• Rocky Mountain Scientific APR – proposes a compound (APR1 beads – a proprietary compound) which enables phosphorus to be removed from water by adsorption/desorption. Contact
  • AquaCal AgBag –uses “biogenic oolitic aragonite”, which means a form of calcium carbonate in spherical grains produced by biological processes (this is not clarified). It is claimed that “adding aragonite into animal and plant nutrition … will mitigate the very generation of phosphorus by livestock and farming activities”. Clarifications have been requested by ESPP, because we do not understand how adding calcium carbonate can have the result that phosphorus going into one end of animals does not come out the other end (phosphorus present in animal feed comes out in manures except for the non significant and essentially non variable amount stocked in bones etc). The answer we received from the company was that this is currently undergoing testing. It is also proposed to install different types of filter bags of aragonite in field drainage or storm water collection to adsorb phosphate. It is indicated that the phosphorus-enriched calcium carbonate can then be used as a fertiliser or soil improver.
  • WAVVE Stream / University of Houston spin-off – using nano-coated polymer beads to adsorb nutrients and heavy metals, with regeneration capabilities. Website: www.wavvestream.com Contact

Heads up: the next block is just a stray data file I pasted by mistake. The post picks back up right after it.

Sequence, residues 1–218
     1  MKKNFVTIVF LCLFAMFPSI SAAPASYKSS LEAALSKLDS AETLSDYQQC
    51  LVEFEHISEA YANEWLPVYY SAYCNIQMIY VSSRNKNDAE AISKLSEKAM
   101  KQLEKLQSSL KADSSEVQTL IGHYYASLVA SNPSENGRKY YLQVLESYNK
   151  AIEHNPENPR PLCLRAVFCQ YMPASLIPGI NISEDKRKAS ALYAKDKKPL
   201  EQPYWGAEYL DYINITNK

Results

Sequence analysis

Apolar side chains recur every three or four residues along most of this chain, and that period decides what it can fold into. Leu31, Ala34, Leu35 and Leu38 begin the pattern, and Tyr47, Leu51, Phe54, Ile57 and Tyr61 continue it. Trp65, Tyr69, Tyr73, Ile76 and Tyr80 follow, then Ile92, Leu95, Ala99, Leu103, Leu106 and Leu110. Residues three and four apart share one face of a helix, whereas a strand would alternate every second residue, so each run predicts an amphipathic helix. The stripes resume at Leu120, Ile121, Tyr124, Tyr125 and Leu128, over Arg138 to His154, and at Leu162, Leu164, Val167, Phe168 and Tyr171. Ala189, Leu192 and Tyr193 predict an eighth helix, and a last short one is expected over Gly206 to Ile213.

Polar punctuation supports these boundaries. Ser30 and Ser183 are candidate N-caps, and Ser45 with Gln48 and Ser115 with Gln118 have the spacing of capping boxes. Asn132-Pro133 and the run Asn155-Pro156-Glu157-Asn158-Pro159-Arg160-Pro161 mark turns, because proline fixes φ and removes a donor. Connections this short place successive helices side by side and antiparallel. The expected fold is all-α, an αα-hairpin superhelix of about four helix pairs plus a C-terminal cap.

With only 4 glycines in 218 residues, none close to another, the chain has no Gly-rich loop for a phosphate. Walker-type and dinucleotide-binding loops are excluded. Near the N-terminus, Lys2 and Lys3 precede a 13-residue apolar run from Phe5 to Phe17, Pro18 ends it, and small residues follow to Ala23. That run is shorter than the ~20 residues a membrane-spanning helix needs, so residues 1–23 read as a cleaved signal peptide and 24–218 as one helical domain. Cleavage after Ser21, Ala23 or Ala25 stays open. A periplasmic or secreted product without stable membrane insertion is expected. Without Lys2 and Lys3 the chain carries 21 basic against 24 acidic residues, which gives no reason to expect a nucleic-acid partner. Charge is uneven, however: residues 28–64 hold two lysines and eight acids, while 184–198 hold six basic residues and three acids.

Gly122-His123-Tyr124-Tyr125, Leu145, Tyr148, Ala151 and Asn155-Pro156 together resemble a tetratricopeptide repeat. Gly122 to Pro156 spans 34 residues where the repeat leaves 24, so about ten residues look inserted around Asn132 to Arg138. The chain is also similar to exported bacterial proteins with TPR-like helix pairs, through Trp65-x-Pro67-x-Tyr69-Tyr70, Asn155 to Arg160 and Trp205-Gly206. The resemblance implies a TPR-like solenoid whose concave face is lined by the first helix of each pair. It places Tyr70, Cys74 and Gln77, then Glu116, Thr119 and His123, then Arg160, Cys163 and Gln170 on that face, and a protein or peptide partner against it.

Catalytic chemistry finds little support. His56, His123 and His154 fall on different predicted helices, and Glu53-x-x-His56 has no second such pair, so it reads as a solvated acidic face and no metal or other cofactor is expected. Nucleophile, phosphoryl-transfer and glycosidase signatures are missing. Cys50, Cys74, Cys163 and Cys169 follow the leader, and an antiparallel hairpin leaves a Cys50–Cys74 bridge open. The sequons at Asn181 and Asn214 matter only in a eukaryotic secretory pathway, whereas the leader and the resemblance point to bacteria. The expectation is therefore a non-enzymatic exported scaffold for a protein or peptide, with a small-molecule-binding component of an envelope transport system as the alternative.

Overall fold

Biological systems
  • AquaFiber Technologies AquaLutionsTM process – lake water is pumped through a patented unit at the heart of which is a dissolved air flotation unit modified to maximize its efficiency to harvest the smallest algal cells from the lake water. The system also includes gravity pre-separation and biological polishing. Clear, clean and oxygenated water is returned to the source and blue-green algae are removed. The harvested biomass can be used to produce an organic fertiliser or converted to energy. A 14 million litres/day, 0.4 ha footprint (of which 7% for the treatment installation) site has already been tested successfully at Lake Jesup, Florida, 2009-2014. The technology is ready for roll-out and the company offers a “pay for performance” business model. www.aquafiber.com See photo.


     
  • Phosphorus-hungry microbes (PIARCS) www.piarcs.org – microbes are used to remove soluble phosphorus from water and stably sequester it as polyphosphate.  Advantages over conventional bio-P removal are very rapid phosphate uptake, without subsequent phosphate release. The rapid uptake means that fermenter-grown microbes can be added just prior to flocculation. The polyphosphate rich biomass can be used as organic fertiliser. Contact
  • Wetlaculture (Mitsch) – landscape-scale and mesocosm-scale models integrating wetlands for phosphorus retention with agriculture. Retained phosphorus in the wetlands is directly recycled as fertiliser to crops appropriate for temperate or subtropical region. See photo.

High technology solutions
  • Nutrient Extraction and Recovery Devices (University of Maryland Baltimore County) – selective phosphorus uptake and recovery using ion exchange membranes and high-strength monovalent salt solutions. Contact